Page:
Patrik explained why they decided to take this approach.
“Up to now we made up a TMR ration twice a day. However, during the summer months, spoilage and refusal levels would be quite high. The new system offers the cows fresh feed almost hourly, with the result that all of the feed is used much more efficiently by the cows.
“In addition, the software associated with the Optimal system ensures that the ration mix is correct every time. There is absolutely no guess work involved. This was not the case when we were using the feeder wagon and tractor combination.”
Forages are stored in fixed wagons, or buffer tables’ which are refreshed on a daily basis, with the other TMR components held in silos or mineral dispensers. Each storage container is connected to a stationary mixer, through a series of conveyors. In this way the mixer can be easily loaded with the various combinations of forage, concentrates and minerals – to make one of many different rations available to the Torp team.
After the mixer does its job the feed wagon distributes the ration to the feed passages. This is achieved by way of a vertically suspended conveyor system, encompassing the entire shed.
“It takes around 30 minutes each day to fill the buffer tables with forage,” Patrik commented.
“Less automation would increase this time spent on feeding related work to four hours.
“The mixer will start to operate as soon as the feeding passage has been cleared by the cows. The feed wagon distributes feed throughout the shed 18 times per day, on average.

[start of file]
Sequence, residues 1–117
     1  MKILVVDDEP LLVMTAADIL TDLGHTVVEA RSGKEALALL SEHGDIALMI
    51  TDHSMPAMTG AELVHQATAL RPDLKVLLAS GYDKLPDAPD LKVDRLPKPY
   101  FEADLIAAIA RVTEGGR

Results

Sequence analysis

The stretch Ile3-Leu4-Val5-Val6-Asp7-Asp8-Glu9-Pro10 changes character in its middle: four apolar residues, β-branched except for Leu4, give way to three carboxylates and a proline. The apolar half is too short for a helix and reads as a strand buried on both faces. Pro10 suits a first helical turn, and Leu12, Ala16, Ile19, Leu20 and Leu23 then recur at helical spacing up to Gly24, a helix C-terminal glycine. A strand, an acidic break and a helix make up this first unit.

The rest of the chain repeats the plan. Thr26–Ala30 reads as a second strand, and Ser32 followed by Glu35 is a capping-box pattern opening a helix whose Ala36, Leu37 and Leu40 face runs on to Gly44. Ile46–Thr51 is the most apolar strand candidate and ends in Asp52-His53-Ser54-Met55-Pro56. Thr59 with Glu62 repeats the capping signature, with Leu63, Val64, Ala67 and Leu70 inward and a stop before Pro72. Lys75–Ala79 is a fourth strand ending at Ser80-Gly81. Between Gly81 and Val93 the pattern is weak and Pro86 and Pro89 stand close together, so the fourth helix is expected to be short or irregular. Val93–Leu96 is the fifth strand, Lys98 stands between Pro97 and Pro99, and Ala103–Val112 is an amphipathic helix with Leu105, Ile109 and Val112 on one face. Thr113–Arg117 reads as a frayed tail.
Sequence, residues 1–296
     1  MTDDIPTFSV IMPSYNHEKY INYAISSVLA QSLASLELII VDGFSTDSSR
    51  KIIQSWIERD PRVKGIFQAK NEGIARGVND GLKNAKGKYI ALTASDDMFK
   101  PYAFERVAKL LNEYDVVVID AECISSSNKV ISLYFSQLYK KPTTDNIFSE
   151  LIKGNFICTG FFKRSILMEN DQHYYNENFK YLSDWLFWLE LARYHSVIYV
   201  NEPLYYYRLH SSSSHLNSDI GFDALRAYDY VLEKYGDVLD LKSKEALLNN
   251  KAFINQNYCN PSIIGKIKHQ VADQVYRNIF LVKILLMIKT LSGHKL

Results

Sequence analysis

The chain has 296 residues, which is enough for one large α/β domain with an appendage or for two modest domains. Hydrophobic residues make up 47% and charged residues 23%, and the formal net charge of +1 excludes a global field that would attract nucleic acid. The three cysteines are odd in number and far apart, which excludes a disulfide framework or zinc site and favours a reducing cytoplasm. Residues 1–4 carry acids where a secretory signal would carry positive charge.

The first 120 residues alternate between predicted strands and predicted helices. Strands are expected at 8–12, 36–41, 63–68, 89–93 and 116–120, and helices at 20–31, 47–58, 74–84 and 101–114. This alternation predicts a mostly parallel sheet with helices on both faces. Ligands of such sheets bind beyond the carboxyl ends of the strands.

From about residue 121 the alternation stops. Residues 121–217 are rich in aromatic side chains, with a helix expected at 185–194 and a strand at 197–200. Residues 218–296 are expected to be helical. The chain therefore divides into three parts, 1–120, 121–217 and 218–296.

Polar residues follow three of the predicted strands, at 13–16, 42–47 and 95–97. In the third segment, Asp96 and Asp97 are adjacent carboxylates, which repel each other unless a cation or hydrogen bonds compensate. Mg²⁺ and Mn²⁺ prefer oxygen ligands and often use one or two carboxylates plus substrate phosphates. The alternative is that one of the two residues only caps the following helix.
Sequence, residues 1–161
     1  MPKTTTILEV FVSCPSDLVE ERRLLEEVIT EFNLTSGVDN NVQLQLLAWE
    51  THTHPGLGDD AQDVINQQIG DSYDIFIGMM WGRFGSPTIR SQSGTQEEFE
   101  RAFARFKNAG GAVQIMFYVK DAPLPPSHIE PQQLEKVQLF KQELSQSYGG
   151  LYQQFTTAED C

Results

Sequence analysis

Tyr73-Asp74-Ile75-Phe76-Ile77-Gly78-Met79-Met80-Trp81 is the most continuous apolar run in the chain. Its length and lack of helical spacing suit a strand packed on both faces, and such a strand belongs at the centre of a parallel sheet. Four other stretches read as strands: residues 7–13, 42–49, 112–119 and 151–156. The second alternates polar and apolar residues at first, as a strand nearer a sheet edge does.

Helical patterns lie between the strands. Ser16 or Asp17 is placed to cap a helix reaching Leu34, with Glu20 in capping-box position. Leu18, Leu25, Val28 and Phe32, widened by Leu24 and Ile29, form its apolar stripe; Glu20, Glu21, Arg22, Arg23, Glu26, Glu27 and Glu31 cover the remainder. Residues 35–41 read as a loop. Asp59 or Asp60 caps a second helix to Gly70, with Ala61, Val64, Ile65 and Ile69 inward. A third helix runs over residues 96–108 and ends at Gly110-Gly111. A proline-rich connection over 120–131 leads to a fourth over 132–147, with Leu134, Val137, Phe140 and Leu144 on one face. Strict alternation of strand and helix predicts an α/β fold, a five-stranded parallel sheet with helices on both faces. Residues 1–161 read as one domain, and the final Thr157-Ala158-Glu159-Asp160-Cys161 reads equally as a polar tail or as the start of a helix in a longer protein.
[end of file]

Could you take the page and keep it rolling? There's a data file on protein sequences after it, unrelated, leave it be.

“The new feeding system has already proven itself. In the first instance it saves labour. However, it also allows frequent feeding. This is important within an automatic milking system, as it helps improve cow traffic.
“There is also less waste of feed. The cows eat all the TMR presented to them, as it is always fresh.”
Completing the new barn at Thorp Farm is a series of feature included specifically to improve cow comfort. These include a chimney and automatic wall panelling system, which open and close to provide the cows with the perfect indoor climate. An innovative lighting system makes daylight conditions a 24:7 reality within the shed.
However, Patrik is particularly taken with the DeLaval slurry robot, which is continuously active on the slated floor of the new facility.
“The manure robot is an investment that has a pay back time of only one year,” he further explained.
Patrik concluded: “Both Elin and I believe there is a future in dairy farming. We opted to invest in a system that will allow us make best use of our time, while giving the cows the most comfortable environment possible. We also believe that technology will continue to play an important role at the very heart of dairy farming. It is the future.
“But all of this comes at a price. Milk producers must receive a realistic return on the investment they are making. And this is not happening for Swedish dairy farmers at the present time.
“Thankfully, in our own case, the bank fully recognises the pressure we are under at the present time.
“We maintain extremely high environmental and animal welfare standards. A case in point is the requirement under Swedish law to graze dairy cows throughout the summer for at least four hours a day.
“We are not producers of cheap food. And this is a core fact which must be communicated to consumers and the public at large in very clear terms. Farmers need to achieve a standard of living which allows them to enjoy time with their families. The days of being a slave to the farm are over.”